An Ode to Amateur Photographers

5 minute read

Erik Kessels defies definition. The Dutch-born creative has lived many lives as designer, photographer, artist, curator, publisher and co-founder of KesselsKramer, an ad agency. His first retrospective book, The Many Lives of Erik Kessels, takes in his 20-year-career in which he has experimented and challenged the visual world around him with an offbeat and unmistakable eye. His artistic interest lies in imperfection and he’s carved a career celebrating the happy accident. “We are surrounded with images of perfection and made up images and images that are totally closed and have no opening anymore for anybody to fantasize about,” Kessels tells TIME. “So in my work I always try to make a small difference in that.”

As a child he painted voraciously, as a teenager he dreamed of window dressing (the most creative job on offer in his tiny village) and as a grown man he sits across a creative empire that artfully blends the commercial and the abstract. Kessels pinpoints the beginning of his visual education with a personal tragedy. “From a young age – eleven I think – I was confronted with the mortality of an image and of how images can survive and how important they are,” he says. “From that age my parents were looking in family albums of my sister who [died in a car accident] and they found an image which became very important to them.”

Other peoples’ family photos have proved to be a rich source for Kessels, something he says started out “almost like a therapy.” One of his most popular projects, In Almost Every Picture, began in 2000 and is now its fourteenth volume. Each series focuses on an unusual photographic obsession by an amateur; from a Florida couple who share a passion for “wet fun adventure” to the tireless attempts of one family to photograph their all-black dog without it looking like an amorphous blob. “All of the books contain very personal amateur stories or photographs that are often not told yet,” he says. “Either they are hidden very deep somewhere on the Internet or they’re hidden in a family album. For me it’s like almost like an archeologist to dig into them and to research them and to try to find the story or try to imagine the story.”

Kessels’ other persistent fascination is the lifespan of an image and the importance that is bestowed upon it by the viewer. “The meaning of an image has totally changed,” he says. “It is there just to share, it has a very short life cycle. People don’t keep images anymore. They just use them and trash them again. So it’s a totally different mechanism.” This so-called age of “photographic renaissance” is a temporary state of being, dictated by how willingly society continues to bow down to the Internet Gods. But Kessels is hopeful. “It’s funny that a few years ago people thought that at a certain moment nobody would visit the cinema anymore,” he says. “But at the moment, there are more visitors in cinemas than ever. People still want to be physically together.”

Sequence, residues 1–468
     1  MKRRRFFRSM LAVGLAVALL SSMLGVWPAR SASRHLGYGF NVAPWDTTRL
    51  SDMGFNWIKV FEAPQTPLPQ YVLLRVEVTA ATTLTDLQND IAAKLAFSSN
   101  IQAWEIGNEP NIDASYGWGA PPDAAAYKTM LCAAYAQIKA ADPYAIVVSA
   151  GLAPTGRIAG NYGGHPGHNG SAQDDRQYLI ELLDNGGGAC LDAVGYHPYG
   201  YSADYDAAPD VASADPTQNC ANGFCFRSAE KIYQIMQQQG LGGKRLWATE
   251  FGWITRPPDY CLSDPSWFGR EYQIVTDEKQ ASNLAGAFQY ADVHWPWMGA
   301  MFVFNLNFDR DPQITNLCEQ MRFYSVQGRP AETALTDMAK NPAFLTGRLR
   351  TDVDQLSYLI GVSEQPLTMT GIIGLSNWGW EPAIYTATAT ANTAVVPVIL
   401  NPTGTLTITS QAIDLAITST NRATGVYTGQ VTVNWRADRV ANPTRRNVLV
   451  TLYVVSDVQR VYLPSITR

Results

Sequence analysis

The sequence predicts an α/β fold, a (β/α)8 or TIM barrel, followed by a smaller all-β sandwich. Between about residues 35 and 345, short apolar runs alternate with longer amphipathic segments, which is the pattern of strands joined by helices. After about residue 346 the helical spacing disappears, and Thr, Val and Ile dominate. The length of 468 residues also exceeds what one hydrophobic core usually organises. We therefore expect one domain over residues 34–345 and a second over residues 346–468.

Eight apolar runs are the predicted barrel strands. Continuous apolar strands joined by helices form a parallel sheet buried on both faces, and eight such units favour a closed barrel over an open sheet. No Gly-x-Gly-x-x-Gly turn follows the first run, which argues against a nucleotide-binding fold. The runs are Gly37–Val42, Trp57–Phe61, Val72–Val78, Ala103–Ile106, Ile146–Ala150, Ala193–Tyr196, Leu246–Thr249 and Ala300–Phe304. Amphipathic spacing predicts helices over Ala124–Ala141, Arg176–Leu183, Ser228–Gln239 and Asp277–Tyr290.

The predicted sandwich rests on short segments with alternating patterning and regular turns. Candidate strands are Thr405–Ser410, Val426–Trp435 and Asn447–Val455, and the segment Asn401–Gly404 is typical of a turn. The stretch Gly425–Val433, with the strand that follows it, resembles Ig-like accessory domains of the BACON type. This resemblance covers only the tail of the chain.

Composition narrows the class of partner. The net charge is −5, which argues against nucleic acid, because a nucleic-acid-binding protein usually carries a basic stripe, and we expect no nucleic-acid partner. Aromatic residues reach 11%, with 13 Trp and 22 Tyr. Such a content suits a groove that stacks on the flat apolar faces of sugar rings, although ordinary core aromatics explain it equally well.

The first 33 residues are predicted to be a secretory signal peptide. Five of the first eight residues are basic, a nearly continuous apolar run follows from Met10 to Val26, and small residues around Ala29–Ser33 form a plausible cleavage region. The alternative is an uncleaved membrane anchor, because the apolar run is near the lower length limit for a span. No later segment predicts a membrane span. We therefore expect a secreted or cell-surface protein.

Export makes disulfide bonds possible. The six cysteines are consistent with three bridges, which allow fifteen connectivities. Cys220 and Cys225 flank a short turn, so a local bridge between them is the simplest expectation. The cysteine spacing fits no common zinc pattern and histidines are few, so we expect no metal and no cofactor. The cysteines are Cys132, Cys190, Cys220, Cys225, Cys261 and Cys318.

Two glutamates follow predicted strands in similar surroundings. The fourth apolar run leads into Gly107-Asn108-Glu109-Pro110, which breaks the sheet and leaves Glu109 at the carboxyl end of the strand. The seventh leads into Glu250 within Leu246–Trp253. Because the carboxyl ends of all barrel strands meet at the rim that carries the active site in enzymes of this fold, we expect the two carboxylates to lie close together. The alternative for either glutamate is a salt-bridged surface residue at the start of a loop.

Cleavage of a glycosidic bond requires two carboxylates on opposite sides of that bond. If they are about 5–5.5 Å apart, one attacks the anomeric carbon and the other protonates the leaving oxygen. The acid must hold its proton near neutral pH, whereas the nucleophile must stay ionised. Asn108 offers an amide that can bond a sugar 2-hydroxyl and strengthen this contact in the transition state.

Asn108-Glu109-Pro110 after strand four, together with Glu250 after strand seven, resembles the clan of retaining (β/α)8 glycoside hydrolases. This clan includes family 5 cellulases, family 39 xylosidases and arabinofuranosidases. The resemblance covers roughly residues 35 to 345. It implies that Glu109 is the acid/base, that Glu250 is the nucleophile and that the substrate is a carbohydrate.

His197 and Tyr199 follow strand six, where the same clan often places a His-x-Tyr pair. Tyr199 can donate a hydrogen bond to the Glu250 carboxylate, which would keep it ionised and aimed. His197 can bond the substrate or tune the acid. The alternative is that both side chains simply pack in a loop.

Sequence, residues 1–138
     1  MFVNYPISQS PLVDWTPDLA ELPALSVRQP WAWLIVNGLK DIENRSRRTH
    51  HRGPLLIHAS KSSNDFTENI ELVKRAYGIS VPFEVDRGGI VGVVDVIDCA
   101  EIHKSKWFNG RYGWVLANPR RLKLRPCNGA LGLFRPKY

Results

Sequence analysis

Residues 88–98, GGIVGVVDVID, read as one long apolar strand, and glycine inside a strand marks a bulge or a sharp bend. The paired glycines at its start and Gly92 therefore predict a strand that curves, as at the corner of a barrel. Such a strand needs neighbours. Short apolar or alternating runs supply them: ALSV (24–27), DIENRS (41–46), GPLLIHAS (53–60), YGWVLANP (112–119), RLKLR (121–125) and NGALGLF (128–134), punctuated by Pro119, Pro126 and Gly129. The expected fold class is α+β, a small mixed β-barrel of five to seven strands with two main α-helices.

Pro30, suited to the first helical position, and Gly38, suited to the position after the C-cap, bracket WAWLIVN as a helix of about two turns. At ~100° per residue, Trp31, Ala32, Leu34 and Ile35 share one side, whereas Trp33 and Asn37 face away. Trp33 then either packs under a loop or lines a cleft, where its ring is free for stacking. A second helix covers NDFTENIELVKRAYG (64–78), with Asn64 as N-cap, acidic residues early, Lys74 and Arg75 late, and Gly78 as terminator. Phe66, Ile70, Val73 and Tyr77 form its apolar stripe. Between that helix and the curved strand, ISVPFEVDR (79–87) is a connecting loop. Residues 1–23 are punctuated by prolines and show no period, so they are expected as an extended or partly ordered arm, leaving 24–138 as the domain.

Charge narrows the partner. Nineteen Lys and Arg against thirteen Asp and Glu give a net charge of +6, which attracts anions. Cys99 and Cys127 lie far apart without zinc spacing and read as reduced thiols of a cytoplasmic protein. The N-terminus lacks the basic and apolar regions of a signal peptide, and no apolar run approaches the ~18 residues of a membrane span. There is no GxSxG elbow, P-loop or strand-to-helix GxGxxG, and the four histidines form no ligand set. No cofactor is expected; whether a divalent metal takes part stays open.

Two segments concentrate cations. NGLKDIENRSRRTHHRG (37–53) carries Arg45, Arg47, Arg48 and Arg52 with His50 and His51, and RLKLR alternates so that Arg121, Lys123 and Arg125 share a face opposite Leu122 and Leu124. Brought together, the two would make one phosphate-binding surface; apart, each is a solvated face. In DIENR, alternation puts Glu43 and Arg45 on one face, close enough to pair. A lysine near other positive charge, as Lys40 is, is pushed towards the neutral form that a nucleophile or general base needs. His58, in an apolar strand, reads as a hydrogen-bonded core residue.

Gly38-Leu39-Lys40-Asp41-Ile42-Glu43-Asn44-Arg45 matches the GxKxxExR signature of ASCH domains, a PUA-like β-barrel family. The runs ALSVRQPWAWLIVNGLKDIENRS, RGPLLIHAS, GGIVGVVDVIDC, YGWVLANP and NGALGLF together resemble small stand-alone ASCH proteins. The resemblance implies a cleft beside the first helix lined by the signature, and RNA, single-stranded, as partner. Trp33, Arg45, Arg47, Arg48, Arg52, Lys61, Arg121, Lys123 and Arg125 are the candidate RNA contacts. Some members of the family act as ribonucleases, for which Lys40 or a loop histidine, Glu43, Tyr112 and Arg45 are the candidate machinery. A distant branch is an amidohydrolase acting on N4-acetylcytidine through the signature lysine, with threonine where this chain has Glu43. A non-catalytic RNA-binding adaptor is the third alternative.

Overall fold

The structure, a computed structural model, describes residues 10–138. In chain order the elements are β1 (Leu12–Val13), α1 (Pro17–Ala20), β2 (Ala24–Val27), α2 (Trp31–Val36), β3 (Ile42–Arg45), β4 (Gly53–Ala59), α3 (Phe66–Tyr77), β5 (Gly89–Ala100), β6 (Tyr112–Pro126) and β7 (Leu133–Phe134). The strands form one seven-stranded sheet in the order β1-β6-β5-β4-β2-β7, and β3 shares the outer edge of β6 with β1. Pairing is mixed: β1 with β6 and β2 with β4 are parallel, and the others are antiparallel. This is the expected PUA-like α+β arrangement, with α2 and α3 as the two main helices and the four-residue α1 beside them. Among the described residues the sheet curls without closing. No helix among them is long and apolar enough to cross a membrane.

Kessels confronted this deluge of visual content in 2011 with the now-iconic exhibition, 24 Hours in Photos. “For a long time I was very interested to see what happens with the enormous amount of photos we produce every day. People see more images before lunch than somebody in the 18th century sees in their whole life,” he says. In response to this, Kessels downloaded every image uploaded to Flickr over a 24-hour period – which totaled close to one million – printed them out and “threw them into a museum space”. Looking back he thinks the show was “quite a bombastic installation” while also being “very intimidating, showing the lines were blurred between private and public.”

The installation was of its time, pre-Instagram and SnapChat, and marked the start of a cultural shift. “In 2017 in a way it’s still the same, it hasn’t changed. I mean it’s only that there are more and more photographs,” says Kessels. “There would be more and more photographs in that installation. But we are still living in that same period of time.”

Kessels varied experiments with the narrative possibilities of curation and appropriation continue to push the medium’s vernacular. Central to all of his work is the responsibility he places on the consumer – challenging us to consider how we view and contribute to the visual mass media. “Every day we have to make choices, otherwise we explode almost because then the information is too much for us,” he says. “A lot of the real curators can learn from these millions of amateur curators because of what kind of choices are being made. And what kind of mistakes.”

Erik Kessels is a Dutch artist, designer and curator with a particular interest in photography, and creative director of KesselsKramer, an advertising agency in Amsterdam. Kessels is exhibiting at CAMERA in Turin, Italy from May 31 to July 30 and at NRW Forum in Düsseldorf, Germany from August 11 to November 5.

The Many Lives of Erik Kessels is published by Aperture and is available to order here.

Natalie Matutschovsky, who co-produced this video, is a senior photo editor at TIME. Follow her on Instagram.

Alexandra Genova, who co-produced this video, is a writer and contributor for TIME LightBox. Follow her on Twitter and Instagram

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